Bishop backs prisons earmarked for closure
THE BISHOP of Portsmouth has pledged support for prisoners and staff as the government announced the closure of two prisons in his diocese.
The Rt Rev Christopher Foster said the closure of Kingston Prison in Portsmouth and the Camp Hill Prison on the Isle of Wight on economic grounds left him feeling ‘uncomfortable’.
He promised clergy and worshippers would try to help.
Last week, the Ministry of Justice revealed seven ‘old and uneconomic’ prisons would close, and another two would ‘partially close’ to save an estimated £63 million a year in running costs.
This equates to 2,600 places, which will be partially offset by a new ‘super prison’.
Reports suggest a further five prisons may also close next year.
Bishop Christopher said: “I admit to feeling uncomfortable at closing prisons purely on ‘ economic’ grounds. For me, the bigger question is whether prisons are doing their job in terms of social justice.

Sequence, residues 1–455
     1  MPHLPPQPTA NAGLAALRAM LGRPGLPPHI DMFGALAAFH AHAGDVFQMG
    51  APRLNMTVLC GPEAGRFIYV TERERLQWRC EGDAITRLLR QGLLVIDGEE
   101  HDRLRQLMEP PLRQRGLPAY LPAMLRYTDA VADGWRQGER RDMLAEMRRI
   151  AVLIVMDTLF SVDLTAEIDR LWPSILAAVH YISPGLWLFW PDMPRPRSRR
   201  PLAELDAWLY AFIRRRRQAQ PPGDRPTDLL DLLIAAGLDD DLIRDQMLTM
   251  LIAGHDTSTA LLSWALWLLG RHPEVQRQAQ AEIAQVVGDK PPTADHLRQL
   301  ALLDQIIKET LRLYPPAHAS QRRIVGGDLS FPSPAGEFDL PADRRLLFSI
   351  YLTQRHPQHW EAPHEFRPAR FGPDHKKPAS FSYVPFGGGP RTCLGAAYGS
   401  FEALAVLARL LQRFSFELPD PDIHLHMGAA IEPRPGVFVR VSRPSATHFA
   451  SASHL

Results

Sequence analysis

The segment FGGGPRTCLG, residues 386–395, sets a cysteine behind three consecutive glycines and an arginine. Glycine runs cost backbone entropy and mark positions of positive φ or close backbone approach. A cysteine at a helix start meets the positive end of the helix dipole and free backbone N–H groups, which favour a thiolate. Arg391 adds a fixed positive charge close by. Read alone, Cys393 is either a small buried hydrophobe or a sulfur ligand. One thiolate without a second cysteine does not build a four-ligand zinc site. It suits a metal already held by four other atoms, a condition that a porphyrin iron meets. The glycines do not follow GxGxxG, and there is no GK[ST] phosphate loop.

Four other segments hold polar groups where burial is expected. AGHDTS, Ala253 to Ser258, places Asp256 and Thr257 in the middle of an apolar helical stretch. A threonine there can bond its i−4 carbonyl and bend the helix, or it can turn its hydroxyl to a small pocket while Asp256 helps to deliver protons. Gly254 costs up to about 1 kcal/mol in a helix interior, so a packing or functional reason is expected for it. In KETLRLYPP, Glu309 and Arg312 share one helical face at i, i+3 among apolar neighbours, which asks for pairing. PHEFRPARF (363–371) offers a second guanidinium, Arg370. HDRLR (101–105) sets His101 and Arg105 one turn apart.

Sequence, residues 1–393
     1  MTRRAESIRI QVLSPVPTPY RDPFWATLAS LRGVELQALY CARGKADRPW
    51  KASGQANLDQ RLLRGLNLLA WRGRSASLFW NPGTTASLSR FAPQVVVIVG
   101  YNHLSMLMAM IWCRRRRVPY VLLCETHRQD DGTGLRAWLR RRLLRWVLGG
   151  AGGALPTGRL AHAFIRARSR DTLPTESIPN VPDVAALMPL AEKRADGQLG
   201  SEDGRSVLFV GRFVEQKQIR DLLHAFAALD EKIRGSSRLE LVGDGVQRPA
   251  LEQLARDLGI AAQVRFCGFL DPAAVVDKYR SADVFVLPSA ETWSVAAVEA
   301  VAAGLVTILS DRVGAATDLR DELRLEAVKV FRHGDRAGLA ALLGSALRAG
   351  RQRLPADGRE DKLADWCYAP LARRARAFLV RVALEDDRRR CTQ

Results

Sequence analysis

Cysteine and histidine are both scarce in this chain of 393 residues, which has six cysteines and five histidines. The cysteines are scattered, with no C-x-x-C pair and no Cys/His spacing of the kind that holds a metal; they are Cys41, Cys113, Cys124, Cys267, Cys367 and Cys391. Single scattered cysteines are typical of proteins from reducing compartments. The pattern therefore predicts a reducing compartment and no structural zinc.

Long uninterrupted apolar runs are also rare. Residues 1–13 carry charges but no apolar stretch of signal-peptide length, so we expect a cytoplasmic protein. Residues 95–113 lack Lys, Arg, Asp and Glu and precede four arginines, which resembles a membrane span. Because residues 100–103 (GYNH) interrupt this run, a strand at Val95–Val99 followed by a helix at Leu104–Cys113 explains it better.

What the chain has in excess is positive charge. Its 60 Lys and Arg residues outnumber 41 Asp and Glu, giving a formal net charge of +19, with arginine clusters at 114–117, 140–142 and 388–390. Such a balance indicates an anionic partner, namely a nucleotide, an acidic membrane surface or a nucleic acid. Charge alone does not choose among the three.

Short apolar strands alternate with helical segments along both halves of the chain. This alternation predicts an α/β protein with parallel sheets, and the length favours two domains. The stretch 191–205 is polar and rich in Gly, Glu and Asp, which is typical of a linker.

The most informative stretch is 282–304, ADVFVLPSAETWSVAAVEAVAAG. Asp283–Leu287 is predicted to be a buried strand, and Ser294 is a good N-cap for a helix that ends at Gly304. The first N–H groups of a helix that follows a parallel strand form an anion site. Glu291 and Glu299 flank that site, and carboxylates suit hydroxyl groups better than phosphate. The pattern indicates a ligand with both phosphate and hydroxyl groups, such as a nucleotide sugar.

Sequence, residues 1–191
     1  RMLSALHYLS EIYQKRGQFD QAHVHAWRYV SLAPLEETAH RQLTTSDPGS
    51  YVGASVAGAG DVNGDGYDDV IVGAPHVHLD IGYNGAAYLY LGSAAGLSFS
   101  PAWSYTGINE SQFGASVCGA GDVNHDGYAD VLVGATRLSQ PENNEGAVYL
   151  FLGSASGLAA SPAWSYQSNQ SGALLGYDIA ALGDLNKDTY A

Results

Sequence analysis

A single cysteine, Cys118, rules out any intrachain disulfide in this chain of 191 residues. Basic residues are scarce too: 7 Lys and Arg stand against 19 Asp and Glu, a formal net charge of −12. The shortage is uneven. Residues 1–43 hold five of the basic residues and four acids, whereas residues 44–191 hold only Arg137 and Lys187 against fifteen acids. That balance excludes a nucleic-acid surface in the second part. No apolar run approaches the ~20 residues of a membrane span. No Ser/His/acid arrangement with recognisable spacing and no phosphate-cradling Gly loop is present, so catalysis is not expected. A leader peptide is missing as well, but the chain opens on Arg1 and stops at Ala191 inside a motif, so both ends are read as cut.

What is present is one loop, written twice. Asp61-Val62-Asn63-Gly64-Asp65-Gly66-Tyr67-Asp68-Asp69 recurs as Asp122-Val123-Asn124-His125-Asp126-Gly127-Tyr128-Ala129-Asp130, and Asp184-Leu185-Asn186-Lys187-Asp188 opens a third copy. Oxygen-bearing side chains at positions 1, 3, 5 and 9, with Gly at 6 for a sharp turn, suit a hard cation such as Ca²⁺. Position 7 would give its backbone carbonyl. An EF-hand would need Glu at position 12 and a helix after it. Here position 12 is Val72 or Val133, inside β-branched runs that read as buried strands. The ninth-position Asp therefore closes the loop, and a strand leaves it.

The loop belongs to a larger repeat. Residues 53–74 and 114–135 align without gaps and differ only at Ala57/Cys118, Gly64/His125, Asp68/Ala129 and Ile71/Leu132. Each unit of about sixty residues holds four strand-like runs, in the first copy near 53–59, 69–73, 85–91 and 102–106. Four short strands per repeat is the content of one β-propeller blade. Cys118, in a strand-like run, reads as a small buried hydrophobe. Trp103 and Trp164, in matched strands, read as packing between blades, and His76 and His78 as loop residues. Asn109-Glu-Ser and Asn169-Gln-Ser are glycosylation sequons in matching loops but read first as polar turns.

“Are they able to rehabilitate prisoners so that they are better educated, understand the impact of their crimes and want to turn their lives around?
“If they are to be released, are they less likely to reoffend? Are prisoners treated fairly, and are prison staff respected?”
The Bishop added: “In the prisons in this diocese, we have a system of Anglican chaplains – who are employed by the Home Office but then licensed by me – as well as chaplains of other denominations and faiths, who lead worship and offer spiritual support to prisoners and staff.
“Then there are many Christian volunteers who give up their time to help lead chapel services, visit prisoners or help with their rehabilitation. I know the prisoners, their families and the staff find this involvement enormously helpful.”
He also spoke of concern for those losing their jobs in the area.
There are currently 1,177 members of staff who work at the prisons earmarked for closure this year, who will be offered re-deployment and voluntary redundancy.
The prison population in England and Wales currently stands at 83,632, yet the operational capacity is 90,451.